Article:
Seaborn Networks to provide New York City to Sao Paulo submarine route
Seaborn Networks, an emerging submarine cable provider, is lighting up a direct route on its Seabras-1 system between Sao Paulo, Brazil and New York City.
Targeting business and financial service companies, Seabras-1's new landing in the New York metro area will connect directly to the cable landing in Sao Paulo. The new route will complement the branching units it will have in Fortaleza, Brazil.
Capacity along this route will be provided to interested customers on a POP-to-POP basis. It will also provide a route from all three of its landings to the NAP of the Americas and other POPs in Miami, Fla.
Among the many benefits that Seabras is touting along this route is lower latency between Brazil and the United States. The service provider said that its New York-to-Sao Paulo route is engineered at 104ms for POP-to-POP service.
Latin America-based customers would benefit with shorter distances to key Mid-Atlantic region states including Virginia, Maryland, North Carolina, and Washington, D.C., which are closer to New York metro area than traditional submarine routes that have landing stations only in Miami.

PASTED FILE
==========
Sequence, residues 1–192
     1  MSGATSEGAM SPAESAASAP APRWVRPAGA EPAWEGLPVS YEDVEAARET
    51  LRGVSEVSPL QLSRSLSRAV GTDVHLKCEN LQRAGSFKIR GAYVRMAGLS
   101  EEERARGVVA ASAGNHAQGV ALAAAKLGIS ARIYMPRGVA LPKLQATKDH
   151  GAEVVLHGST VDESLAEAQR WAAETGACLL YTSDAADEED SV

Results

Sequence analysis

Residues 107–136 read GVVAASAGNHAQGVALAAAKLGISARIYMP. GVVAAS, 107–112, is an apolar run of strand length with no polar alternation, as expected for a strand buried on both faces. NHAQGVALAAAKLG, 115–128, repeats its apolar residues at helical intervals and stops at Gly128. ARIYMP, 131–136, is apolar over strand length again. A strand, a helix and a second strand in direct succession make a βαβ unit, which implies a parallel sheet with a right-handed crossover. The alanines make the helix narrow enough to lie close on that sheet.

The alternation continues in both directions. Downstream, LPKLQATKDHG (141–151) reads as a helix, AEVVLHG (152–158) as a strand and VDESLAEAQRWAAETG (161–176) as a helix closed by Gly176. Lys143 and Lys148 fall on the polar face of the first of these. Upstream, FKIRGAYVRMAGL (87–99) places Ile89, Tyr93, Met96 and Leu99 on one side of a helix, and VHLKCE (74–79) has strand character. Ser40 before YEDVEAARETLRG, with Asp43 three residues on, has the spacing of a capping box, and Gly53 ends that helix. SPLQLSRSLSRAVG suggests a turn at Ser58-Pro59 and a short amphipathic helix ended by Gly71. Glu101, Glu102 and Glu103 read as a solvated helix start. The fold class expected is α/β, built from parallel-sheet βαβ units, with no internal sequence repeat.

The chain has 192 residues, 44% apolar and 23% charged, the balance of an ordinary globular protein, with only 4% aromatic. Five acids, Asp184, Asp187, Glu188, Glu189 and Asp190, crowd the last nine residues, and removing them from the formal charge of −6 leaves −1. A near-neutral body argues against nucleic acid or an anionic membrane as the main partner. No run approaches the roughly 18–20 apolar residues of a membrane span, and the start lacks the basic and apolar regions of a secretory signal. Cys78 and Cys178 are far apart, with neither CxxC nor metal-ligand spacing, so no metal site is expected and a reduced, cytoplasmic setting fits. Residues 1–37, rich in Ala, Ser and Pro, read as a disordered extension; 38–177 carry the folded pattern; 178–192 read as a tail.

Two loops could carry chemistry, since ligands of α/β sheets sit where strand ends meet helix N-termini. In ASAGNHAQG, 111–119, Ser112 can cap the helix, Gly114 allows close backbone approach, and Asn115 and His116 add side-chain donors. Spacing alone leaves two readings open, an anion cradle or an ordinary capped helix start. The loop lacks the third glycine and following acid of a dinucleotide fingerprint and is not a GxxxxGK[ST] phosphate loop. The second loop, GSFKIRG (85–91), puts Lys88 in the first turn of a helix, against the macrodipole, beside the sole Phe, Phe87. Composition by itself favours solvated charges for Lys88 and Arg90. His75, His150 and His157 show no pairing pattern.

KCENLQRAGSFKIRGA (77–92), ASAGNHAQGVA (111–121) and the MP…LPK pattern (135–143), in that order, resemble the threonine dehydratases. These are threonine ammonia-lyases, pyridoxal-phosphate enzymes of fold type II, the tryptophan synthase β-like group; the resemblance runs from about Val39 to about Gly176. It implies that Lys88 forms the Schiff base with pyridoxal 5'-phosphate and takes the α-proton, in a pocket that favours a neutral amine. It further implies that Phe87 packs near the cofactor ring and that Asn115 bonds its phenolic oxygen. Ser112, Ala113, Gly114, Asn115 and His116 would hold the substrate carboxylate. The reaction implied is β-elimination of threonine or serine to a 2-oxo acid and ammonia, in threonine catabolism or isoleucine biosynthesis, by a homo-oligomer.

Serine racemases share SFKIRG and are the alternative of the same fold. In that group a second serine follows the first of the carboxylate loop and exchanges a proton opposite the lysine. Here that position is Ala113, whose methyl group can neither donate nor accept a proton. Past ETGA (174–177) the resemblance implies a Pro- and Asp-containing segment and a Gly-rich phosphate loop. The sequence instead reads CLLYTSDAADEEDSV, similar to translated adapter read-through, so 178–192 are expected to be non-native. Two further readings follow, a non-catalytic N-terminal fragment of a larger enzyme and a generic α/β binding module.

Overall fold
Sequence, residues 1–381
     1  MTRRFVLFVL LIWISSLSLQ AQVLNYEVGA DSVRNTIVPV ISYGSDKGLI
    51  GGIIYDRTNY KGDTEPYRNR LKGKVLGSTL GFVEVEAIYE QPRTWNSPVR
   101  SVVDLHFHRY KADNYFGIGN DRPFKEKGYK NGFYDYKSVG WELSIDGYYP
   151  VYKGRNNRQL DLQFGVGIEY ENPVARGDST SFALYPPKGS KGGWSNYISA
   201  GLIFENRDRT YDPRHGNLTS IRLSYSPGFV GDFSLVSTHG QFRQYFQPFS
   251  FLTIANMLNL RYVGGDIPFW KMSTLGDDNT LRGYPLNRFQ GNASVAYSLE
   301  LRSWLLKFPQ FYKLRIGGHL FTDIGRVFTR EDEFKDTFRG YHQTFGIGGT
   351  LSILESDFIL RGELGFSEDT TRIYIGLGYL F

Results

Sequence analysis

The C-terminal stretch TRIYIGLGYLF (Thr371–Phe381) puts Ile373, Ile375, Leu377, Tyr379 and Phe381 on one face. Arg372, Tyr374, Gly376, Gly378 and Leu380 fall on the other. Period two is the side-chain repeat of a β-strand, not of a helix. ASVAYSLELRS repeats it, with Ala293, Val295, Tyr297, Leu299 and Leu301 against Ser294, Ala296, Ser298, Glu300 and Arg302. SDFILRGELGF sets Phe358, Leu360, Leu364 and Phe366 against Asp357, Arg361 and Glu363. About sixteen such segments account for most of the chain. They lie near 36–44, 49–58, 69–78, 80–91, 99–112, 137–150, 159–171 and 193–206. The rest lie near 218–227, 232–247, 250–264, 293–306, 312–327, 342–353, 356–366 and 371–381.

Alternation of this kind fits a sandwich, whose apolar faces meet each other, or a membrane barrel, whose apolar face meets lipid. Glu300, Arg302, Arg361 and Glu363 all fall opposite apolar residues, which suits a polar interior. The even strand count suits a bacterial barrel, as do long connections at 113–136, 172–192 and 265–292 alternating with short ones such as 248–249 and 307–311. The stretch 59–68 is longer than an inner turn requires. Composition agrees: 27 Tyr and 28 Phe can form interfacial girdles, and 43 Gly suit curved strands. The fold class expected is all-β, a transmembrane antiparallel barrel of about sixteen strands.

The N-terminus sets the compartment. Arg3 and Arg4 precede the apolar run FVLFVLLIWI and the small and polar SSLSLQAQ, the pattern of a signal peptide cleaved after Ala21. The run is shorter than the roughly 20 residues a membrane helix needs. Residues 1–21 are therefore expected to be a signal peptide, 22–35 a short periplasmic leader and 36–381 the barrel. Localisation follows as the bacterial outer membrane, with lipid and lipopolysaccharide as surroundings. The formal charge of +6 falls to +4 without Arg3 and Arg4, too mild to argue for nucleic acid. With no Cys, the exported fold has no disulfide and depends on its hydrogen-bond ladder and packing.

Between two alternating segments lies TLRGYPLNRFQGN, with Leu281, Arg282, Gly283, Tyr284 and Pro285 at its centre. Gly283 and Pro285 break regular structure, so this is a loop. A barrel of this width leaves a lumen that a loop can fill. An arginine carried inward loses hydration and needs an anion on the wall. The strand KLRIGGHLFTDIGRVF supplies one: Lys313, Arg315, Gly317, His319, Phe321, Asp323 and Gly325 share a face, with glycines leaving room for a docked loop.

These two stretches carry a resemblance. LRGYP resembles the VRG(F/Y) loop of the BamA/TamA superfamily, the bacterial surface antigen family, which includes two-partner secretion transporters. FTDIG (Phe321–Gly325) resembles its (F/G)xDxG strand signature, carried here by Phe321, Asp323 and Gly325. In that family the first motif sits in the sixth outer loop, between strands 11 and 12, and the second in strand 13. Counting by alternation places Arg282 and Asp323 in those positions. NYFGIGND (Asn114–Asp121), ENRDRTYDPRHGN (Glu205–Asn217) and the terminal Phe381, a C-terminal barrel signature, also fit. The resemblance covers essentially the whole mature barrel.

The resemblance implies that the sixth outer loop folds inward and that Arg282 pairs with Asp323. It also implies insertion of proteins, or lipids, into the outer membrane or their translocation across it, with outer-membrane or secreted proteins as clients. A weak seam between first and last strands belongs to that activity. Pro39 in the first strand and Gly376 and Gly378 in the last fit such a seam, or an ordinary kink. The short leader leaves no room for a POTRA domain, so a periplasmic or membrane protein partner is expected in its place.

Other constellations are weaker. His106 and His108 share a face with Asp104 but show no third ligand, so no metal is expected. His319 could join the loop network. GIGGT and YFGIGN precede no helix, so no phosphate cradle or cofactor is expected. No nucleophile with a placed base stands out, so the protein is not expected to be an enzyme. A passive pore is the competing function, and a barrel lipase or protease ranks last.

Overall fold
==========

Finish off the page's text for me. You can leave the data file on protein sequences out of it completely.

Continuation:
Outside of the United States, the New York metro link will provide customers an instant international gateway to Europe, the Middle East and Africa via trans-Atlantic cables and enables high speed routes to the West coast of the United States, to connect to Asia via trans-Pacific cables.
"The decision to land in the New York metropolitan area instead of Miami is in response to significant customer demand," said Larry Schwartz, Seaborn Networks' Chief Executive Officer. "By offering improvements to latency, onward connectivity and reliability, Seabras-1 is a compelling choice for carriers, content providers, governments and others that value a direct, low latency route between the commercial and financial centers of Brazil and the United States."
While Florida has been a major landing route for submarine cable systems connecting the U.S. with Latin America, hurricanes in the region can cause potential outages. Sebras' new route will resonate with businesses and wholesale carrier customers that want an alternative or protection route.
Seaborn is not the only service provider interested in the Brazil to U.S. route. Telebras, Brazil's state-owned telco, is also building a new U.S.-to-Fortaleza, Brazil route.
- see the release
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